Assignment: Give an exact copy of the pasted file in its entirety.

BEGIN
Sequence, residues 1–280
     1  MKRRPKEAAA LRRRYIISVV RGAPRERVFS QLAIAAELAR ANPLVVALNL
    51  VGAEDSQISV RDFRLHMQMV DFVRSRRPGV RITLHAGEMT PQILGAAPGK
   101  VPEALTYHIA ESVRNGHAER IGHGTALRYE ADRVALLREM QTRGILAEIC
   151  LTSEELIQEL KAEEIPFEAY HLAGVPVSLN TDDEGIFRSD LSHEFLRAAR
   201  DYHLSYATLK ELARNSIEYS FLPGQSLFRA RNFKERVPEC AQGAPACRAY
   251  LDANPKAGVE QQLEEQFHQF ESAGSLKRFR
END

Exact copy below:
Sequence, residues 1–280
     1  MKRRPKEAAA LRRRYIISVV RGAPRERVFS QLAIAAELAR ANPLVVALNL
    51  VGAEDSQISV RDFRLHMQMV DFVRSRRPGV RITLHAGEMT PQILGAAPGK
   101  VPEALTYHIA ESVRNGHAER IGHGTALRYE ADRVALLREM QTRGILAEIC
   151  LTSEELIQEL KAEEIPFEAY HLAGVPVSLN TDDEGIFRSD LSHEFLRAAR
   201  DYHLSYATLK ELARNSIEYS FLPGQSLFRA RNFKERVPEC AQGAPACRAY
   251  LDANPKAGVE QQLEEQFHQF ESAGSLKRFR